This blog is from my column in the last Paekakriki Expressed. A local community run paper:
As such a recent addition to the village I feel humbled to add my piece to this final edition of Paekakariki Expressed.
This is the end of a unique and truly impressive exercise in local media and democracy by Don and Allie and so many other volunteers. I want to extend my congratulations and sincere appreciation to them for their contribution to the Paekakariki spirit.
It seems only fitting in this last column to write about participatory democracy, as this newspaper has played such an important role locally.
The Green Party policy on broadcasting notes that we have the lowest amount of local programming on television of any OECD country.
Four companies, all overseas owned dominate the New Zealand news media. There is a near duopoly of print and radio and a monopoly in pay TV and only three significant players in free to air television.
News-gathering and reporting has become more centralised , and the same stories are channeled into radio, television, the internet and print media. News reporting has become increasingly dramatic, emotive and sensationalized, as broadcasters compete for audience attention and advertising dollars.
As we are seeing with the inclusion of Takemore Trust and KCDC on the ‘Alliance’ which is overseeing the Sandhills Expressway the committee may have shifted from being the project management team to something more akin to an urban development corporation. In this model democratically elected officials are given an equal voice alongside the investment and building companies. This is also happening in Christchurch with CERA.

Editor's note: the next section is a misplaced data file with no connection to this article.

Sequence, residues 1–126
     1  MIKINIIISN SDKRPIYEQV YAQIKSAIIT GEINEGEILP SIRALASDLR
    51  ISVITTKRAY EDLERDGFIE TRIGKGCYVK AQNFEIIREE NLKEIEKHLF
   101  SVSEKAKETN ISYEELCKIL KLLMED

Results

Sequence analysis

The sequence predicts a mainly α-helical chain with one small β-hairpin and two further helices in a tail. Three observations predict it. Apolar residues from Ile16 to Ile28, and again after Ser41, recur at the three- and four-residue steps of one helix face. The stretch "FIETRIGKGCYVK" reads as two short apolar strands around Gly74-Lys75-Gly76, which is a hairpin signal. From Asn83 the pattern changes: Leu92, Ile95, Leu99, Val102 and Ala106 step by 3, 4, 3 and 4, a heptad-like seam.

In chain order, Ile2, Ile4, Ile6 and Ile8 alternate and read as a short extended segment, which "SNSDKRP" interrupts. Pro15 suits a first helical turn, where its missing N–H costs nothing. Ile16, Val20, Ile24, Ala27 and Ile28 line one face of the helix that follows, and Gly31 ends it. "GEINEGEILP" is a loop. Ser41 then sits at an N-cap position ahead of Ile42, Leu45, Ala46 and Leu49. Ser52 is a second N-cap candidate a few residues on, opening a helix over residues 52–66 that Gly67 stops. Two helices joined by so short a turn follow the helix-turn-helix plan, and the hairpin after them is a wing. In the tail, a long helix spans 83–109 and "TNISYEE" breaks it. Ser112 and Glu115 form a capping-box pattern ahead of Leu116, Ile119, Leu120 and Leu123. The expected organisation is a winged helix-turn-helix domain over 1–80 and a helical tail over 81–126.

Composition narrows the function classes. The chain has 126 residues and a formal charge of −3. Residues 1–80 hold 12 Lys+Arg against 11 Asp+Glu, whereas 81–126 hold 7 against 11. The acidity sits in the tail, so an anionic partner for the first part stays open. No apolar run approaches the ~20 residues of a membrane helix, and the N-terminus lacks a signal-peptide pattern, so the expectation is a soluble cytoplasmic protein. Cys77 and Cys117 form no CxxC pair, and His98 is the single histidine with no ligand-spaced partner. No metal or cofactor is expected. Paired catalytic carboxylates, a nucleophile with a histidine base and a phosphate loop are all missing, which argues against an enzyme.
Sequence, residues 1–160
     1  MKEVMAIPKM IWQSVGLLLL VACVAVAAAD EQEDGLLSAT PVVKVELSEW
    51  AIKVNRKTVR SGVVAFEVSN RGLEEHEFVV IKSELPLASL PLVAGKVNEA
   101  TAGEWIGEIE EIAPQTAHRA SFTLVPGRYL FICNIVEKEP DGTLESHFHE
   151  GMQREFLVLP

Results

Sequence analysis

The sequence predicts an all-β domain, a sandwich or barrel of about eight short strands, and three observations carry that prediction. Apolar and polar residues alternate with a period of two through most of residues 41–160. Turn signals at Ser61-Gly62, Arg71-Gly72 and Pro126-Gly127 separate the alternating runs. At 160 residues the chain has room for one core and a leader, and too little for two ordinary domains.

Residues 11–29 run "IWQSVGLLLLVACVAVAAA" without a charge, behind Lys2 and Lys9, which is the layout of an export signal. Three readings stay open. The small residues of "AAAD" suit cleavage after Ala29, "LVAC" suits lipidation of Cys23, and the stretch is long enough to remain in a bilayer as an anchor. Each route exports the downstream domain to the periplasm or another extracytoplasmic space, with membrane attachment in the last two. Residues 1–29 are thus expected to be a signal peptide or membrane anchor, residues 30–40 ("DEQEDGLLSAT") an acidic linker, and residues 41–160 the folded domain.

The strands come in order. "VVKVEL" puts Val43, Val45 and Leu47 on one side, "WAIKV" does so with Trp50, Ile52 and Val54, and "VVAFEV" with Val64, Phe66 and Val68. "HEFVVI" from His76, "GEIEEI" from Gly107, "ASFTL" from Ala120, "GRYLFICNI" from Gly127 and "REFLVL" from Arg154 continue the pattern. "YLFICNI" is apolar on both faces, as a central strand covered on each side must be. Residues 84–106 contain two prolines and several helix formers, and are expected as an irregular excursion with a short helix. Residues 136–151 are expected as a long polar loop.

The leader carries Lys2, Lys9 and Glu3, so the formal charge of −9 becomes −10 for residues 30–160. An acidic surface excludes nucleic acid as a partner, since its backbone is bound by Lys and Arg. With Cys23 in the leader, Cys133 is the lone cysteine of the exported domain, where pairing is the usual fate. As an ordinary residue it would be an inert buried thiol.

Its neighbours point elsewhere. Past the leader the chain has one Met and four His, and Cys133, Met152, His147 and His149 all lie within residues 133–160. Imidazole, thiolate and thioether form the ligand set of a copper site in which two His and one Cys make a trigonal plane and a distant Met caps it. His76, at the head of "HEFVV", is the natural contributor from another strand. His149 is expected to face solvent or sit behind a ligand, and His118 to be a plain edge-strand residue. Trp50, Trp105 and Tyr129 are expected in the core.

In Auckland and in discussions to create a Wellington Supercity we are hearing calls for larger more efficient councils with core services being put into business units, which is effectively a shift to representative democracy and urban development corporations.
At a national level this government has used urgency and side stepped the select committee process more than any previous government. Doing this they have again moved to a model of representative democracy and further away from participatory democracy.
In a recent media release the Human Rights Commission noted
“The lack of public participation in fundamental legal reforms is damaging parliamentary democracy, says the Human Rights Commission. In the past five years fundamental human rights issues such as the lack of public participation in submission processes, diminishing collective deliberation about fundamental changes, rushed legislation, the by-passing of select committees, and what appears to be less respect for submitters in select committee proceedings have been of concern, says Commissioner Dr Judy McGregor.”
There is a trend in government at all levels towards models of corporate governance or representative democracy. In this trend though we lose our voices and any hope of nuanced decision-making and we are left only with the very blunt tool of general elections. With increasingly pressured and corporatised media we are left even without a watch dog.
Without community media we are in danger of not even noticing our democratic privileges have become a shadow of what we once knew. Thanks again Don and Allie for helping to protect our democracy.